LIVEBLOGGING POLARJAZZ 2019 (OPENING NIGHT): A bonanza of locals gets things started with a buffet of music at the ‘Vorspiel’ at Kulturhuset


8 p.m. Wednesday (Jan. 30): I was first attracted to Svalbard 11 years ago by Polarjazz and, if this is to be the final year of the world’s northernmost jazz festival in its current form, that I’m hoping to capture as much of it here as possible during the next five days with these liveblogs. I’ll be offering my impressions from this and other festivals over the years, how what’s happening reflects what happened in Svalbard during that time, and of course my thoughts about the music as a longtime jazz journalist.

8:13 p.m.: And we’re off a fashionable ten minutes late with a “quintet” that’s actually a trio of women singing a swing to a backing track and a couple swing dancing on the floor. Over the years this “preview” show has often featured the most pure jazz of any night of the festival, so of course things need to start that way here. (Note: I’ll be revisiting this and other posts tonight and after to fill in names and other details when fitting.)

8:15 p.m.: So much for jazz. Second number is about ten teens from Longyearbyen Kulturskole (a.k.a. the local regular school students since there’s only one school here) doing a rock number. My most infamous Polarjazz journalism moment, of course, is where I offered harsh critique of such kids during my first festival when I was doing hardcore writing about festivals around the globe. As for this number…it’s rock – what do I know?  ¯\_(ツ)_/¯

8:23 p.m.: Adults are on (a quintet) and we’ve got a case of the blues, arguably Longyearbyen’s genre of choice to the extent one exists. Dark Season Blues, of course, has been the most popular festival for locals and visitors for many years. But, alas, as with Polarjazz it’s struggling in recent years due to the huge population changes, to the point there’s talk of putting it on hold this year. Almost impossible to imagine.

8:27 p.m.: Same quintet is now doing “I Will Try To Fix You” (whoa..shift to Norwegian lyrics in the second verse, still pretty much flows). Regardless, awesome song in almost all its forms and that four-chord guitar riff is the kind of thing beginner can actually crank loud on an amp without driving folks nearby nuts. Speaking of … hey, this one was way too short. 🙁

8:32 p.m.: OK, one of the really fun groups that have formed since I got here: an all-ukelele band of hospital employees (OK, they’ve got a bassist standing kinda out of sight at the edge of the stage). Playing “Brown-Eyed Girl.” Whatever it is it’s sure to sound cool – or at least catchingly unique.

8:37 p.m.: Alto sax guy! Sorry, actually, it’s a local female student singing a very well-known ballad by Liv Mari Schei (our best-known commercial musician), who over the years has produced a number of protégés who do remarkable versions of her songs (as well as teaching hundreds of hundreds of others about music). I got lured into jazz by a few alto sax players and tried myself for years to play (catastrophic fail) so I always lock onto them first. In this case he’s a background blip with a few bars at the end. Moving on…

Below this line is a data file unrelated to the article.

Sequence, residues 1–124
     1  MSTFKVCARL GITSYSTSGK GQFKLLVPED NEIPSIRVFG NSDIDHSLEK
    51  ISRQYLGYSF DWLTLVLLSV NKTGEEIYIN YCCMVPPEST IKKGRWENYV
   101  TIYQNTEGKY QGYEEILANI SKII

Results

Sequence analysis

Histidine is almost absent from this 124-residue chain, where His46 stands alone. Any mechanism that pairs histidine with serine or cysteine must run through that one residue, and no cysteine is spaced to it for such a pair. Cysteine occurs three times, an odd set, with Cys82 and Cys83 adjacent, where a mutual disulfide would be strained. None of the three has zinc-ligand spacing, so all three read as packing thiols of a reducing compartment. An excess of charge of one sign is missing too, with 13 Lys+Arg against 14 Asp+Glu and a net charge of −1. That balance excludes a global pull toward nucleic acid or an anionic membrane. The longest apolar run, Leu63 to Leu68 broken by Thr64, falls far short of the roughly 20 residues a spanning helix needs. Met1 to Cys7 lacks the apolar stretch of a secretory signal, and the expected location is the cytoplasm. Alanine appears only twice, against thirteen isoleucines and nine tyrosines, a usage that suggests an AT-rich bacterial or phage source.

8:46 p.m.: Sax action for real with a quintet of young/old male/female doing Dixie (and then the theme from the “Pink Panther,” a movie series it’s been way too long since I’ve watched). Fun stuff. But it reminds me of a question I keep forgetting to ask players – where do they buy their reeds and stuff? Having it mailed from the mainland has to be a nuisance (not like national headline stuff like running out of toilet paper like we once did, but still), so I’m wondering if the school or somebody has a cache someone for those in need now.

8:53 p.m.: Speaking of protégés, up now is Amalie Henriksen, this year’s winner of a scholarship that’s our top local youth culture award, fronting a group of seven (the Polarjazz “house band”) for “The Sunny Side of the Street.” The link details the many things she’s doing here, as well as what Liv’s been up to (and is now departing from).

9:02 p.m.: A couple more women doing songs with the house band, including one playing “Feelings” on trumpet (a song I’ll always associate with an insane rant by a cruise musician after a gig when he was asked to play it…but it’s the trumpet so, Miles and such). And now a rockish number (don’t know by who). Anyhow, the band is mostly locals I’ve seen play pretty much every type of music possible individually and in various groups. Which up here feels like kind of a given – if you can play chances are you’ll get lured into everything and anything whether it’s familiar or not.

9:07 p.m.: Speaking of, Lasse Stener Hansen, the festival’s longtime director and drummer for the house band, is now singing “Grapefruit Moon” as a duet with Liv Mari Schei while she plays piano. His enthusiasm for jazz has always made him fun to talk to over the years, although there’s always that twinge that comes with hearing who he’d like to bring here and what he’d like to do with the festival even though it’s not possible. Also, he’s never been shy about letting me know when he thinks what I’m writing is bullshit.

9:13 p.m.: So now we’ve got the “Monaband” doing a couple of songs, beginning with “What a Wonderful World.” Which brings to mind a constant gripe as a lazy journalist: at most festivals I had little trouble getting full names, setlists and such from the various bands. Here the lineups are usually only by first name (i.e. Lasse and Liv Mari) or band name – so if I really need all the names it ends up being a bit of a scramble. Yes, I admit it’s embarrassing not to be able to remember/identify everyone after all these years. In this case I have no idea if “Monaband” is the actual name or a reference to something in Norwegian – Google Translate suggests the former, but since it also refers to polar bears as teddy bears and snowmobiles as ships I trust its reliability less than a White House press briefing.

9:20 p.m.: Halftime! Or, as it’s known in the fine arts, intermission. Or in Norwegian, a “pause.” But this is Super Bowl weekend after all (even though I stopped watching football shortly after I got here despite being a lifelong Broncos fan…besides having better things to do, this year’s game starts at 12:30 a.m., which means right as Polarjazz is ending and I’ll be totally fried).